(Editor’s Note: Montana State Sports Information release)
BOZEMAN — In the life of most college students, Sunday afternoons in the fall are often times for rest and moments of fun. College football players use it to heal the body and switch gears in preparation for another week.
In Colin Hammock’s life, it’s something different.
“Sunday is the day when I usually get a lot of (academic work) done,” said Montana State’s junior offensive lineman. The Missoula Sentinel product has put his study time to good use, compiling a 3.96 grade point average. That work ethic and commitment to his schoolwork helped Hammock, who joined the Bobcat football program as a walk-on in the fall of 2015, earn a Cameron Presidential Scholarship from MSU’s Honors College this spring.
Bobcat head football coach Jeff Choate calls Hammock “a very impressive young man,” and says he’s enjoyed watching things click into place during his time at MSU. “It’s really ironic that Colin is coming into his own as a player at the same time that he’s really figured out what the next step in his life is in terms of his academic journey and his professional journey after that. He represents the true meaning of student-athlete.”
The Cameron Presidential Scholarships originated when long-time Montana State University supporters Nancy Cameron, her brother David and his wife Tanya, donated $4 million to the University to fund scholarships for incoming and continuing MSU students in the Honors College. Hammock is one of seven current students who will be joined by three incoming Presidential Scholars in receiving the initial Cameron Presidential Scholarships. The Cameron family originally homesteaded north of Great Falls more than 125 years ago, owning and operating the Dana Ranch near Cascade the last 75 years. David Cameron is a retired MSU faculty biologist and department head, while Nancy Cameron and Tanya Cameron graduated from MSU.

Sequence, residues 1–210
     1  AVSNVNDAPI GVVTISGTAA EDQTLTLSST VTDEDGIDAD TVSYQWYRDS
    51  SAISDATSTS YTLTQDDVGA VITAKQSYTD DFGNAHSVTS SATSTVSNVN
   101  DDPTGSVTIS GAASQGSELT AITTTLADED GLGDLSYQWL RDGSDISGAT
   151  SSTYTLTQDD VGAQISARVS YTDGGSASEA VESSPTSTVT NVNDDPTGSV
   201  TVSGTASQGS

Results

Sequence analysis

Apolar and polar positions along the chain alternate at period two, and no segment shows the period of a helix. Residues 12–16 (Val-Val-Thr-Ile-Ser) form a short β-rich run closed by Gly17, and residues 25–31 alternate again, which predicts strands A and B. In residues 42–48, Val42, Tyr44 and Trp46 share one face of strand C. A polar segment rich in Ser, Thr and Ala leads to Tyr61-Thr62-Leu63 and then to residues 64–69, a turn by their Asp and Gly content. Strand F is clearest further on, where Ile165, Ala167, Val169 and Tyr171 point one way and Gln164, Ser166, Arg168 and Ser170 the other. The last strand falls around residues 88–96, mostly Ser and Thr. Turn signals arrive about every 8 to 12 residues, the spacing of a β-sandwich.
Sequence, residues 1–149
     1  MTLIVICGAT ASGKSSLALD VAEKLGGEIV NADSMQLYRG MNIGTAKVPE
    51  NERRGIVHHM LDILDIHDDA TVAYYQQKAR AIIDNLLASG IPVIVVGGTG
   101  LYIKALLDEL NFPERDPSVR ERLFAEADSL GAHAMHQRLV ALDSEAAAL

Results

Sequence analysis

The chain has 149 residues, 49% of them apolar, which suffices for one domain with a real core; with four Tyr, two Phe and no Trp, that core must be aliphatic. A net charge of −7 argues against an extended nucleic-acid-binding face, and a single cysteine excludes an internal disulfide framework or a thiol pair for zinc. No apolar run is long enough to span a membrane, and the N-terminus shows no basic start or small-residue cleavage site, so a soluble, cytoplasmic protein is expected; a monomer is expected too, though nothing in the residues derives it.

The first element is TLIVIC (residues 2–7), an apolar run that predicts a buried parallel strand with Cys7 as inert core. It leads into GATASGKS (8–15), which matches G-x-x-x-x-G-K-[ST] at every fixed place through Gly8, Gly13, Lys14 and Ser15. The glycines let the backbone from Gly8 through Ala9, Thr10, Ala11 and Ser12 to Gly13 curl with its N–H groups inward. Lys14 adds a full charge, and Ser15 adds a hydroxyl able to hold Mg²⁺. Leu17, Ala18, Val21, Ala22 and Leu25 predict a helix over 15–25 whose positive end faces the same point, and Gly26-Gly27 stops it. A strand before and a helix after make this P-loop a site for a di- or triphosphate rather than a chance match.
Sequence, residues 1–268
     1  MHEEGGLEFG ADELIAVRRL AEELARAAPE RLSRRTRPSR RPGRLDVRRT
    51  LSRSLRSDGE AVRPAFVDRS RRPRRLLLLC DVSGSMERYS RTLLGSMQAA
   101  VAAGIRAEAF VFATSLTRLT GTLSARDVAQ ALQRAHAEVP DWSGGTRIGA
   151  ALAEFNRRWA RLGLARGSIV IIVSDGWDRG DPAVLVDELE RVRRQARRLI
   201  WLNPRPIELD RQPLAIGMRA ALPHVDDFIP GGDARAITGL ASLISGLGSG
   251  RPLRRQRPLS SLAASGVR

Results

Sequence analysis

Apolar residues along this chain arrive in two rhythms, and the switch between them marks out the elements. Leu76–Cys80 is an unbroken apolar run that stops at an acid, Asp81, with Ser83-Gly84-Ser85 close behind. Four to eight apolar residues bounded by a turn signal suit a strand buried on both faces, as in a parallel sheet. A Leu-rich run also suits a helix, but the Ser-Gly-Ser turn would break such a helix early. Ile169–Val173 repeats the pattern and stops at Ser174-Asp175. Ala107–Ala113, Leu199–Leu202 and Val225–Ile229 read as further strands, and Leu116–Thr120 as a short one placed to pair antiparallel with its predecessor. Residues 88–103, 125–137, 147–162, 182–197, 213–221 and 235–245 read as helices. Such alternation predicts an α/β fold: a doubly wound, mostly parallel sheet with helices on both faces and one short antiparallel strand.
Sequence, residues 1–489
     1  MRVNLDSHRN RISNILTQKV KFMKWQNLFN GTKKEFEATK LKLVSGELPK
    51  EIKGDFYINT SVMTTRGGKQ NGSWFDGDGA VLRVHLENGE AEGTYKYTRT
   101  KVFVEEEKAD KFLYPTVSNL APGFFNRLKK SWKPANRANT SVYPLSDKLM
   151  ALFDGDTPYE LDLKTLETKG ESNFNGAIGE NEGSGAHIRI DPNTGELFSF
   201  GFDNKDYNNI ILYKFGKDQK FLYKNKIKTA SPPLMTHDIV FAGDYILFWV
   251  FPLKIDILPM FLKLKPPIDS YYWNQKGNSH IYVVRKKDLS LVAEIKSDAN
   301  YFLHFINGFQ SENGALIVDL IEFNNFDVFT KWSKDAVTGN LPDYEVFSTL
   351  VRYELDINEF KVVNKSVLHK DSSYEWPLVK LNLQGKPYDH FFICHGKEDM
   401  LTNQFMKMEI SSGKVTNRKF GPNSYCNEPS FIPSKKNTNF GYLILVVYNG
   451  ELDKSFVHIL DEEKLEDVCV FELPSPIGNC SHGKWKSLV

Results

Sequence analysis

“Colin is truly an inspirational young man, who exemplifies excellence in all he does: whether on the playing field, in a classroom or lab, or working at an assisted living facility,” said Dr. Ilse-Mari Lee, Dean of Honors College at Montana State. “An Eagle Scout, he is motivated to serve above all. Even with all his accomplishments – which include selection as a National Merit and Montana University System Scholar – his humility shone through his personal interview. We are honored to have Colin among the outstanding students in the first cohort of Cameron Scholars.”
Cameron Scholars are required to demonstrate excellence in academics, leadership, and community involvement. Hammock, checks all the boxes, working as a nurse aid at Hillcrest Retirement Community, and serving as the Vice President of MSU’s Health Pre-Professional Society and as an officer in the Phi Kappa Phi academic honorary. He tutors MSU students in chemistry, physics and biology, and volunteered in the emergency room at Bozeman’s hospital for a year. Hammock also replaces Mitch Herbert, like Hammock an aspiring physician, as football’s representative on the MSU Student-Athlete Advisory Committee.
Choate said Hammock has impacted many areas of the MSU campus community. “He’s heavily involved in our Student-Athlete Advisory Committee as our representative from football, he’s a strong voice for all the right things on our campus, and by the way, he’s a pretty good football player. It’s been awesome getting to know Colin and having him on our roster, and it’s been even more rewarding to watch him flourish in this environment.”